Ardnamurchan could be classified as "the new-spirit-distilleries" that I have reviewed in my article "a new spirit" (both german and english version). They are not the Mini-Micro Distillery like Eden Mill or Strathearn, but they are definitely in the "pretty damn small" distillery category (for me every distillery up to 500.000 litre per anum capacity qualifies for this). These distilleries have in common that they will produce on a small scale and plan to jump in the new spirit of "small but high quality" sector, mainly no plans to color or chillfilter their future whisky. And as mentioned in "the new spirit", they all haven´t got their whisky in bottles yet. For Ardnamurchan Distillery Princess Ann personally filled up the first cask on the 25.06.2014. A cask that was given to the distillery as a kickstarter from Glenfarclas, a nice gesture if you ask me.
So yeah folks, location! In my imagination the creators of Ardnamurchan had one of those hazy pubnights over a pint and a dram or ten when finally in the later time of the night (or earlier time in the morning) one of the lads came up with the idea that sooner or later every group of men thinks about. "Hey guys... Lets build a disssillery!" Other guy: "Ohhhaa tha suchagood idea! Letsbuildsome where nobody would ever build one!". They must have ripped a map of Scotland of the wall and looked for the most inaccessible part of Scotland. They must have signed the contract the same night, cause if they would have sobered up the next day, they would have realized what they had done.
They neat distillery of Ardnamurchan lies in the whisky-sounding place "Glenbeg". I call it place, cause we didn´t see any buildings that classifies Glenbeg as a town or even a village or suggested that there are actually people living near by (But there is a a cafe around! So no fears of sudden death by cofein deprivation). Even from Fort William you should count in about 2 hours to get there (a bit less if you take the Corran ferry for 8 pound). From Glasgow you would look at about 4 hours driving if you are not stopping to take pictures (Your traveling the west of Scotland so forget about that!). And mentioning the driving... The drive to the distillery is not only breathtakingly beautiful but simply as that completely nuts. I can`t recall where Ardbeg got their name for the Rollercoaster bottling from, but Ardnamurchan definitely deserves that kind of name for a bottle or two. Driving down the road to Ardnamurchan is like a wild ride through the forests of middle earth, specially if you are (as I/we are always) late for a distillery tour. Someone filmed his way to the distillery, check this out ;).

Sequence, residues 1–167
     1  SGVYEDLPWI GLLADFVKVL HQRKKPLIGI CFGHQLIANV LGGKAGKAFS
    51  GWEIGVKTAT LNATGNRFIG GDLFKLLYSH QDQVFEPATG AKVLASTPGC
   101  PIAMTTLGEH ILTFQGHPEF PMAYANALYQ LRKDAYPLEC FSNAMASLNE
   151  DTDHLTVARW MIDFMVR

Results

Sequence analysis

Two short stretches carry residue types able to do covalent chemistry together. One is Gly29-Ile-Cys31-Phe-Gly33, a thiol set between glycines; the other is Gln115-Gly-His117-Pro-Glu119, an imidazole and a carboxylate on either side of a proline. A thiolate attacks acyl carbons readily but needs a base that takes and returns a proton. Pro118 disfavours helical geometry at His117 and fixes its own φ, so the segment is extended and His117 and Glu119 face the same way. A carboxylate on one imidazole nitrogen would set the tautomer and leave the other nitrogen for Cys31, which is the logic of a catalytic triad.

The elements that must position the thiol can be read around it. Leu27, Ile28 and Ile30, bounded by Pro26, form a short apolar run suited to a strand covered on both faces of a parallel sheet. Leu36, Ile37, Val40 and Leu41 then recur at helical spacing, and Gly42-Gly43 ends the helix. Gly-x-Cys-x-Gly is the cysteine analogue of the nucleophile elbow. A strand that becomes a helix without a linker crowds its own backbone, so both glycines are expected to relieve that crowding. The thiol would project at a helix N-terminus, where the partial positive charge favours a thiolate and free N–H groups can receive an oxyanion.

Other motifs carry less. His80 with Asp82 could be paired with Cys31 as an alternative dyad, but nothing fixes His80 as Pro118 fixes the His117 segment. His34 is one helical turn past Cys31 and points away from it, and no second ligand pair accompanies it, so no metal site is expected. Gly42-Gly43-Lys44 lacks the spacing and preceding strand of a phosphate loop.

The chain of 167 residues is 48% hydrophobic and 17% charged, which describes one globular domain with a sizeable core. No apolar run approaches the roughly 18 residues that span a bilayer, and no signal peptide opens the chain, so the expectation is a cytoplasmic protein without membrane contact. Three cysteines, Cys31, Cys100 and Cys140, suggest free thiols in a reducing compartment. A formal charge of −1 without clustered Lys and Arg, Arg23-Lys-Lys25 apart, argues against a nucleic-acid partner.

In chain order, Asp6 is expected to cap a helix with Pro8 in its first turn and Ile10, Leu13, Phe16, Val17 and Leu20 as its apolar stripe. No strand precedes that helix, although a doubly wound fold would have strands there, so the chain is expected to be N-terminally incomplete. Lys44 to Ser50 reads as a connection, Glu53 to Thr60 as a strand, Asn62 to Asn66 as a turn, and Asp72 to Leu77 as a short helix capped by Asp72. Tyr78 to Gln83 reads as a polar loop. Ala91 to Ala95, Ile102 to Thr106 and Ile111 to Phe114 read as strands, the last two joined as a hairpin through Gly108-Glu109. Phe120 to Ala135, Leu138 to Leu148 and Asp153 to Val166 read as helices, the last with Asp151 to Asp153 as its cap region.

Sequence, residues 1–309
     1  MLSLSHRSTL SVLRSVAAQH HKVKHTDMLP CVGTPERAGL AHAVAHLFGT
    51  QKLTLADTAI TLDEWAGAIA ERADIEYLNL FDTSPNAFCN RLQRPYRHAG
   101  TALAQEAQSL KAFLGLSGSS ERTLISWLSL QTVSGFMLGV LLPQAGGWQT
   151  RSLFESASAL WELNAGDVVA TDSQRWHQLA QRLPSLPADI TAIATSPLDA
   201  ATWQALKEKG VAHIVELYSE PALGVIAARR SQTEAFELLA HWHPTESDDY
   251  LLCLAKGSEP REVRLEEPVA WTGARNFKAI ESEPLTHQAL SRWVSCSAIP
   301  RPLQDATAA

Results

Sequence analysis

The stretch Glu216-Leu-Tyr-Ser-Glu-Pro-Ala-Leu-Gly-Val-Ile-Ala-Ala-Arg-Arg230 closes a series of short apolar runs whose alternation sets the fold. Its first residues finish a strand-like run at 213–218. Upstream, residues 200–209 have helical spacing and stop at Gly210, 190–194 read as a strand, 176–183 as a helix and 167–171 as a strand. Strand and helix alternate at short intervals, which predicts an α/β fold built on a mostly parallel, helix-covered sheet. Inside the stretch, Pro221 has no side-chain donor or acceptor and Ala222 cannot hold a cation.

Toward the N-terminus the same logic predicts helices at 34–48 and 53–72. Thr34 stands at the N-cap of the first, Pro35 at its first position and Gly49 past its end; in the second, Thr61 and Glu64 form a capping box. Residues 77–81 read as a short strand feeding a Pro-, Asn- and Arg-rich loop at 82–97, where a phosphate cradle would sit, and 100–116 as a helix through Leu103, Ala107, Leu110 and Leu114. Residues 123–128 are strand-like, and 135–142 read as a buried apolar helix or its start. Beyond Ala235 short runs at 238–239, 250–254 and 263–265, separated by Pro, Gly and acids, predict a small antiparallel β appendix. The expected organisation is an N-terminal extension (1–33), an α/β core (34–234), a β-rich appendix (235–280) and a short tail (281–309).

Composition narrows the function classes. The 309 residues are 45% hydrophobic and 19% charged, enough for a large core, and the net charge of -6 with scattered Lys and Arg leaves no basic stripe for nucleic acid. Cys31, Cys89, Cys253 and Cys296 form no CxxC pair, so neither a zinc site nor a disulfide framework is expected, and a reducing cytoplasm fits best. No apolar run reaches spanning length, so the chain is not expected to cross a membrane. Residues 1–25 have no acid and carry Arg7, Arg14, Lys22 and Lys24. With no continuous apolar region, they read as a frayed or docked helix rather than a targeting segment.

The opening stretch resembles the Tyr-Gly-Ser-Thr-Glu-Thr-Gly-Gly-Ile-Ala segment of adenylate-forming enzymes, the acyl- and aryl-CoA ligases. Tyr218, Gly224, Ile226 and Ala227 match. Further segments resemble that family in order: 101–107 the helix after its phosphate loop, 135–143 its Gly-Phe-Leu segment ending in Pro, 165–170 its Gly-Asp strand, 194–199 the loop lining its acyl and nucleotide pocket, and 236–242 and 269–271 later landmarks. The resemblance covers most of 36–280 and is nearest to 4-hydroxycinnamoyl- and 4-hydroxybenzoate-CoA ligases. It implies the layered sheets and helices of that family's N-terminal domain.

The road to this place is so narrow at some points they literally had to build the distillery on those proportions (like the mashtun for example is exactly as wide as the smallest part of the road). This is the video they show in the distillery to demonstrate the effort that was made to build this thing.
The distillery itself is quite neat. Entering the shop I couldn't shake off the feeling that the guy behind the counter looked oddly familiar (two days later I ran into him again at work at GlenDronach where I had seen him a hundred times on the DVD since he worked there as a mashman). Visitor Center: A nice and bright looking shop with some maritime details. The standard tour was 7 £ and was going (like most tours) through every detail of the process including a warehouse right at the start. It was a good tour although I lost track since I´ve heard the process quite some times now. Hard facts about the process: Like many of the young and new distilleries Ardnamurchan works with a quite long fermentation time (72-100 hours), four (quite unusual) oak wooden and three stainless steel washbacks. The cut off point for the foreshots is taken after about 25 min, which is quite late. The tour guidess said they have about 5 hours of middle cut, but I´m quite sure she must have been mistaken since Glengoyne has a middle cut of three, and that is already a veeeery long one. Anyway.These guys are looking for quality on a small scale no doubt.
Not surprising since the distillery is owned by the independend bottler Adelphi. Keeping that in mind the only slightly disappointing feature of the tour for me was, that they "only" have a blend in the end and not, say, some of their indi-bottlings to try. But to be fair the blend was quite pleasant, although I will most certainly never become a great blended scotch drinker. We could try the new make as well though, which is a nice feature of some new distilleries. Its always interesting having a look at the base for the future whisky without the cask influence.So yeah we can look forward to the first bottling of Ardnamurchan in a few years time and add the distillery to our long "young malts to check out in the future" - list. The location is without a doubt an incredible beautiful and remote piece of Scotland and the distillery now kicked Oban Distillery off the throne for being the most western mainland distillery. The Scots love their "highest, smallest, oldest... distilleries", so that might have (just maybe) been one of the real reason for the exact spot on the map (not to mention water source and the owners living near by... So yeah if you could build your own distillery in front of your doorstep... tell me you would`t!)
Résumé: Ardnamurchan distillery is worth a visit if you are anywhere near the peninsular of Ardnamurchan (area around Fort William). The distillery itself does not (yet) offer a extraordinary whisky-experience but is definitely a nice place to visit while enjoying a crazy road trip through the area.
Facts (May 2016):
Capacity: 500.000 lpa
Stills: 1 Wash Still, 1 Spirit Still
Stills: 1 Wash Still, 1 Spirit Still
Adress: Glenbeg, Ardnamurchan, Argyll, PH 36 4JG, Scotland
To reach by: car only (if you dare)